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Barbara Cavalazzi

Associate Professor

Department of Biological, Geological, and Environmental Sciences

Academic discipline: GEO/01 Paleontology and Paleoecology

Useful contents

Microbial Fossils Found in 3.4-Billion-Year-Old Subseafloor Rock

The material, now part of an African mountain range, bolsters the idea that hydrothermal veins supported early forms of life.

3.42-Billion-Year-Old Filamentous Microfossils Found in South Africa

Paleontologists have discovered the exceptionally well-preserved, 3.42-billion-year-old filamentous microfossils in a paleo-subseafloor hydrothermal vein system in what is now South Africa; the filaments colonized the walls of conduits created by low-temperature hydrothermal fluid; combined with their ...

Buried traces hint at underground origins of life

Scientists think they have found the fossils of microorganisms that lived under the seafloor 3.5 billion years ago

Scoperti i più antichi fossili di batteri metanogeni

Analizzando le rocce presenti nel sito Unesco conosciuto con il nome di Cintura di rocce verdi di Barberton, in Sudafrica, una delle più antiche strutture geologiche al mondo, un team di ricercatori guidati da Barbara Cavalazzi dell’Università di Bologna ha scoperto i più antichi resti fossili di archeobatteri ...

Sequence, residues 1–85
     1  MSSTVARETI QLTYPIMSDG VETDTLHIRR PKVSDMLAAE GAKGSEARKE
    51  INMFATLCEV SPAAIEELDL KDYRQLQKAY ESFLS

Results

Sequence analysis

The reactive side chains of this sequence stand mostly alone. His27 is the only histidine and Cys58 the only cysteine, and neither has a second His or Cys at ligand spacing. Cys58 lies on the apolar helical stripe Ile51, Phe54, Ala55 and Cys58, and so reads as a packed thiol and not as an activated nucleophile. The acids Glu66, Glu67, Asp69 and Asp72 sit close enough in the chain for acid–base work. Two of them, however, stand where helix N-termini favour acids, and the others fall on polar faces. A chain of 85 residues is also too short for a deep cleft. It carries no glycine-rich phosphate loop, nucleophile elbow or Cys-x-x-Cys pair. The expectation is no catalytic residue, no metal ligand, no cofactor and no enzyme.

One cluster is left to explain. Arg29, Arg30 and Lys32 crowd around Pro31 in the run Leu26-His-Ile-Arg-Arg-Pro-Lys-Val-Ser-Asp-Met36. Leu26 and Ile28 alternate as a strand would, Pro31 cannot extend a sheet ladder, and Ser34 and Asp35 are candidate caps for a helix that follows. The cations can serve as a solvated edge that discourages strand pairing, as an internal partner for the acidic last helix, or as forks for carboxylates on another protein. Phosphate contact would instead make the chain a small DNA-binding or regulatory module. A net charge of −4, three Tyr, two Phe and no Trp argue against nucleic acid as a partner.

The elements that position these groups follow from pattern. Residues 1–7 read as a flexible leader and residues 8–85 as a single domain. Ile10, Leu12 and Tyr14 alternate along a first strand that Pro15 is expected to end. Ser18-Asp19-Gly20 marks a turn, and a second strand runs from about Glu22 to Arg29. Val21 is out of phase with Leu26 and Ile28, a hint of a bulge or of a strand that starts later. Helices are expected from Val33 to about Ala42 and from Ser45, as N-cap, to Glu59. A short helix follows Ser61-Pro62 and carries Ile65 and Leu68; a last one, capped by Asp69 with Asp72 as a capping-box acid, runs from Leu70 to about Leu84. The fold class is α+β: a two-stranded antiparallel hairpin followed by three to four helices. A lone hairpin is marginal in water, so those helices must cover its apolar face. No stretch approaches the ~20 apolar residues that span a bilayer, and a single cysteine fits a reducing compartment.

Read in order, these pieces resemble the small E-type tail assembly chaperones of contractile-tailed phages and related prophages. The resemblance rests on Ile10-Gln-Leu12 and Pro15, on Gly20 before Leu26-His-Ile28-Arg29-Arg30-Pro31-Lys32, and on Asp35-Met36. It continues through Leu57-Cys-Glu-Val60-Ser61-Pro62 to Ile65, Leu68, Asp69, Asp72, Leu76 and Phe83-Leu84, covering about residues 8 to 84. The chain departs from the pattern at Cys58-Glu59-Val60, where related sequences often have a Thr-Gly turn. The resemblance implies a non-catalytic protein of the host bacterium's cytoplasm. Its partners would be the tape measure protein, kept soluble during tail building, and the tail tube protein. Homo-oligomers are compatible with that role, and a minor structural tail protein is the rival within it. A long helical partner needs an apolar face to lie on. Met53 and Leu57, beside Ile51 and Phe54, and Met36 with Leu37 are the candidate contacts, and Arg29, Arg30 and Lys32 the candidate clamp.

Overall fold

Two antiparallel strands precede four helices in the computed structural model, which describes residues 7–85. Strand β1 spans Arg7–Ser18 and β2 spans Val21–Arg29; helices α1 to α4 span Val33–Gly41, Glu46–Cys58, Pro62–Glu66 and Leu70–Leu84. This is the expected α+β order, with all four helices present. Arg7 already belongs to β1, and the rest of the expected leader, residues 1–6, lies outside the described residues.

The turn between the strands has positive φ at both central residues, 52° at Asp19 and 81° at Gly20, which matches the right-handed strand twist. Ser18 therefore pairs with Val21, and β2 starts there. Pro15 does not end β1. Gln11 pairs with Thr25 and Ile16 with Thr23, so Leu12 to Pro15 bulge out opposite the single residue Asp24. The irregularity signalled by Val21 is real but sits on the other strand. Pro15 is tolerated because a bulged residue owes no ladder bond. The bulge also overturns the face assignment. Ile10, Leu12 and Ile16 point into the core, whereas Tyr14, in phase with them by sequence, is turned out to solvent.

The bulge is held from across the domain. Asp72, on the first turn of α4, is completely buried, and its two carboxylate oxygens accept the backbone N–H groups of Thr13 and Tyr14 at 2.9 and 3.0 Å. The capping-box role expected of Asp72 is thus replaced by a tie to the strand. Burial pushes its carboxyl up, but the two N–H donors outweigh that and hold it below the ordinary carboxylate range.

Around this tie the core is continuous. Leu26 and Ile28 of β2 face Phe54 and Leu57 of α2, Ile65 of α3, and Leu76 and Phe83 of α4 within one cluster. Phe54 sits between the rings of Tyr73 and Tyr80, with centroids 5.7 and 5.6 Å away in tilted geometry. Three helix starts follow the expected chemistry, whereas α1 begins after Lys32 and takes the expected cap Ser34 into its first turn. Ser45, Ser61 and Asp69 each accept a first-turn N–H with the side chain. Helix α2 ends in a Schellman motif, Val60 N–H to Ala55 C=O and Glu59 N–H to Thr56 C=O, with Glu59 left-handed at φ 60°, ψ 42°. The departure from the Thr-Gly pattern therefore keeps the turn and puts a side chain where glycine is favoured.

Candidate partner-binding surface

3.42-Billion-Year-Old Filamentous Microfossils Found in South Africa

“We found exceptionally well-preserved evidence of fossilized microbes that appear to have flourished along the walls of cavities created by warm water from hydrothermal systems a few meters below the seafloor,” said Professor Barbara Cavalazzi, a researcher in the Dipartimento di Scienze Biologiche, ...

Oldest fossils of methane-cycling microbes expand frontiers of habitability on early Earth

A team of international researchers, led by the University of Bologna, has discovered the fossilised remains of methane-cycling microbes that lived in a hydrothermal system beneath the seafloor 3.42 billion years ago.

Ethiopia’s inhospitable Danakil Depression gives us clues about life on Mars

The Danakil Depression, including the Dallol volcanic area is one of the most remote, inhospitable and poorly studied areas in the world.

Quell'angolo di Africa che sembra Marte: lo studio dell'Ateneo di Bologna

Un gruppo di ricercatori sta studiando il cratere vulcanico del Monte Dallol, in Etiopia: "Qui potrebbero nascondersi organismi in grado di sopravvivere in ambienti simili a quelli marziani"

In Ethiopia Thinking of Mars, Searching for Life

It is in the volcanic crater of Mount Dallol, Ethiopia, that researchers from the University of Bologna go “hunting” for organisms able to survive in hostile environments similar to those of the “Red Planet”. We are 125 metres below sea level and the temperature can reach over 60 degrees, with chlorine ...

Sapore di sale marziano in Etiopia

Sapore di sale marziano in Etiopia - Media Inaf

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